Like most macaques, the Assam macaque is active during the day, and walks around on all fours. It travels mostly on the ground, but will also feed in trees and bushes. Much of this macaque’s time is spent resting or grooming, which usually takes place on the ground or on rocky terrain (3).
Leaves, fruits and flowers form a large part of the Assam macaque’s diet, although it is thought that insects and small vertebrates, including lizards, may also be consumed (2) (3) (5). This species is highly social (6) and generally lives in small groups of around 10 to 15 individuals (3), which include males, females and juveniles (5). However, groups of up to 50 individuals have also been observed (5). Assam macaque groups have strict dominance hierarchies (7). Female Assam macaques remain in the group into which they were born, whereas males disperse from the group once they reach maturity (8).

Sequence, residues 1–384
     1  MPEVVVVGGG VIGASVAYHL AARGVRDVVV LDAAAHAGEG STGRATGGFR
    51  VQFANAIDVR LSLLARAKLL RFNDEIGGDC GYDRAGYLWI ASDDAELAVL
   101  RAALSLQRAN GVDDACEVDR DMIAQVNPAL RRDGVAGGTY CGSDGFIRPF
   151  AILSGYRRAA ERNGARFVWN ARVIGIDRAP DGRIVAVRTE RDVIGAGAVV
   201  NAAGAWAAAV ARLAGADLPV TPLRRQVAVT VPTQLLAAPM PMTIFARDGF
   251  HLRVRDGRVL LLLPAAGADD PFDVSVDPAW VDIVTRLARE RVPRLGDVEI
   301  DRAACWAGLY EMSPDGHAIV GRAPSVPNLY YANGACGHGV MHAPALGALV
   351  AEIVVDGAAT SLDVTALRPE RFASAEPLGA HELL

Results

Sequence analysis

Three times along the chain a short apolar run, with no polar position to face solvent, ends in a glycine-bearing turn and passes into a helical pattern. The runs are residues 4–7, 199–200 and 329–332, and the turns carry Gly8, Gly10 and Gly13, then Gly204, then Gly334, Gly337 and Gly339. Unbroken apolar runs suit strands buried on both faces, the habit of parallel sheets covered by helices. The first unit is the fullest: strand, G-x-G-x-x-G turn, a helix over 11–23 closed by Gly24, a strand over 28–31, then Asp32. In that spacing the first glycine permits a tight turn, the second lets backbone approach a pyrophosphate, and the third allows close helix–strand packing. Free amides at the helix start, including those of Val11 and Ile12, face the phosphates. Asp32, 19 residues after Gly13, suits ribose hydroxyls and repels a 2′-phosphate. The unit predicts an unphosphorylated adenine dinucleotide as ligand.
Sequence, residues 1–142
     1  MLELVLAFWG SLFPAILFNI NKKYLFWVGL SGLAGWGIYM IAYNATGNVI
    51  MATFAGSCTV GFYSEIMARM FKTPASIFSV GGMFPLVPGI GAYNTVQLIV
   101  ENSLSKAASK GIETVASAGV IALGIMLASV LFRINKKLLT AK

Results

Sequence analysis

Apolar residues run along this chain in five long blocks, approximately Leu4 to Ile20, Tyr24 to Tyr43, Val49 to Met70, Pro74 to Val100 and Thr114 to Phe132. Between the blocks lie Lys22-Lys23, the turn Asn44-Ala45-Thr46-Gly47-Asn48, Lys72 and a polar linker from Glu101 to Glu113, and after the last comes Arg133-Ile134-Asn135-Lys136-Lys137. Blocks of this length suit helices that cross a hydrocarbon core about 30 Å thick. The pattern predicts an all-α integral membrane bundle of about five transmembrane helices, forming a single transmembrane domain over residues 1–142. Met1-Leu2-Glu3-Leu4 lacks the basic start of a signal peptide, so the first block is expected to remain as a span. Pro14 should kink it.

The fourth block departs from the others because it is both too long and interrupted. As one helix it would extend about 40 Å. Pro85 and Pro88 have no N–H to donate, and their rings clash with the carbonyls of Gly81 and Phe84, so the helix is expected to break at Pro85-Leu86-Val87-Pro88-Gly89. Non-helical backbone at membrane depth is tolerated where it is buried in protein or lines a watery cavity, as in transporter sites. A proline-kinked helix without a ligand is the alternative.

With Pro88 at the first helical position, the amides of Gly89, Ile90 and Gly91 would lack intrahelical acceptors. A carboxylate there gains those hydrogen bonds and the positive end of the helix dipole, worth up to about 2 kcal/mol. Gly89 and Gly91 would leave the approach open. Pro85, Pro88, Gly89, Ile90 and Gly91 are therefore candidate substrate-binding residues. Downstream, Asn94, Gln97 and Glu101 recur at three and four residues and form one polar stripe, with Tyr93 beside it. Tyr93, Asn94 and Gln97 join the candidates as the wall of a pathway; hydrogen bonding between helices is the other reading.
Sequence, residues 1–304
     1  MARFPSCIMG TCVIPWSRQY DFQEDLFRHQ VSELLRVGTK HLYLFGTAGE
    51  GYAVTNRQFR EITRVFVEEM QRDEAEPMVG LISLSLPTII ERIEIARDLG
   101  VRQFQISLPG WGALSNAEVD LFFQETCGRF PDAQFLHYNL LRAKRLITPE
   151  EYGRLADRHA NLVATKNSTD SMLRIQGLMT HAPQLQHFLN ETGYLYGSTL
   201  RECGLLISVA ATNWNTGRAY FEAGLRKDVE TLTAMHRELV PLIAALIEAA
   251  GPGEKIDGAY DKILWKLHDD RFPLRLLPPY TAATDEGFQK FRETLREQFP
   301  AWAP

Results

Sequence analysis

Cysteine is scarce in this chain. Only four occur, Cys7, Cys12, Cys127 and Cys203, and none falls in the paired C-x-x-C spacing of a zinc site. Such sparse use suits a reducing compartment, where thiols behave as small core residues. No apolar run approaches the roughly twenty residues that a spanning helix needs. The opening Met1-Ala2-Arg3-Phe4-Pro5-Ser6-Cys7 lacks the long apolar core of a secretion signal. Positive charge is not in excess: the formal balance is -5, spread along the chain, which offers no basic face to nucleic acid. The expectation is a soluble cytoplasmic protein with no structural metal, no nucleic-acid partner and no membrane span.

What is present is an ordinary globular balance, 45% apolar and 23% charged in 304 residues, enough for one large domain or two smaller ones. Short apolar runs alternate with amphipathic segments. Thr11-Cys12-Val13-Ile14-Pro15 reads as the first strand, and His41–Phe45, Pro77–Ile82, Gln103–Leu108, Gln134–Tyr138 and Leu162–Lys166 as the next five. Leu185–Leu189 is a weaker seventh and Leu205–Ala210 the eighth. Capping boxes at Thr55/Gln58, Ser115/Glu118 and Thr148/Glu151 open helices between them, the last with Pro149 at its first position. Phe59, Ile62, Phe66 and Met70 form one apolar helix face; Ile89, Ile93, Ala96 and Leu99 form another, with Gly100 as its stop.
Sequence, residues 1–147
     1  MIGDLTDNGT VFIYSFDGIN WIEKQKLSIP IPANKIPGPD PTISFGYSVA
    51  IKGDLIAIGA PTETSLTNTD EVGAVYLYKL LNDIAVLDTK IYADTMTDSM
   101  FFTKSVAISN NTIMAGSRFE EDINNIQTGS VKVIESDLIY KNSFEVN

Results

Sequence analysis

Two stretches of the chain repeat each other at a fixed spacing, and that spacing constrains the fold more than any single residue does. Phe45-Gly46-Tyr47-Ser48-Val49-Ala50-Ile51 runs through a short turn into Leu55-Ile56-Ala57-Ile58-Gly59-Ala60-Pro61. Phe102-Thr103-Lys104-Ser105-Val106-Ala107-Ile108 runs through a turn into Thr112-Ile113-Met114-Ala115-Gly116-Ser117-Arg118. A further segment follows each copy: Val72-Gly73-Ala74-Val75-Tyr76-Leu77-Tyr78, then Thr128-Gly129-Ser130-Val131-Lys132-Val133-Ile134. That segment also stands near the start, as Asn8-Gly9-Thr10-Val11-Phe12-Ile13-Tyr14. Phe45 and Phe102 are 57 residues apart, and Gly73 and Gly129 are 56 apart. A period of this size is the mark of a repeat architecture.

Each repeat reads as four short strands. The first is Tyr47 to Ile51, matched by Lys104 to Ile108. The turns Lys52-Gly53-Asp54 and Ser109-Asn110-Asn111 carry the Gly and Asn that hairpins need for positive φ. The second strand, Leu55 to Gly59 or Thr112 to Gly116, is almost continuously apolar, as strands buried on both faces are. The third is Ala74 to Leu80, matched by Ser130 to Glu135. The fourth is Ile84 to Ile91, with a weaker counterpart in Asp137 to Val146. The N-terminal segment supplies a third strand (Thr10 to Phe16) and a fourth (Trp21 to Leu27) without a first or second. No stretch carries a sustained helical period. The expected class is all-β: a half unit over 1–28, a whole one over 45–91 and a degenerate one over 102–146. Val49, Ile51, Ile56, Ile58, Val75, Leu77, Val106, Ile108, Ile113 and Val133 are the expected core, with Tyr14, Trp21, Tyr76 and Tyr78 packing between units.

The breeding season of the Assam macaque has been recorded as November to December in Nepal (5) and October to February in Thailand (8). The skin on the female’s posterior becomes red when she is ready to mate (3), and during this time the female will present herself to passing males (5). The gestation period of the Assam macaque is around 158 to 170 days (8), and the female gives birth to a single offspring which weighs around 400 grams at birth (6).
Female Assam macaques usually give birth for the first time at around five years old, and are likely to have an infant every one to two years (3) (8). The lifespan of the Assam macaque is unknown (6).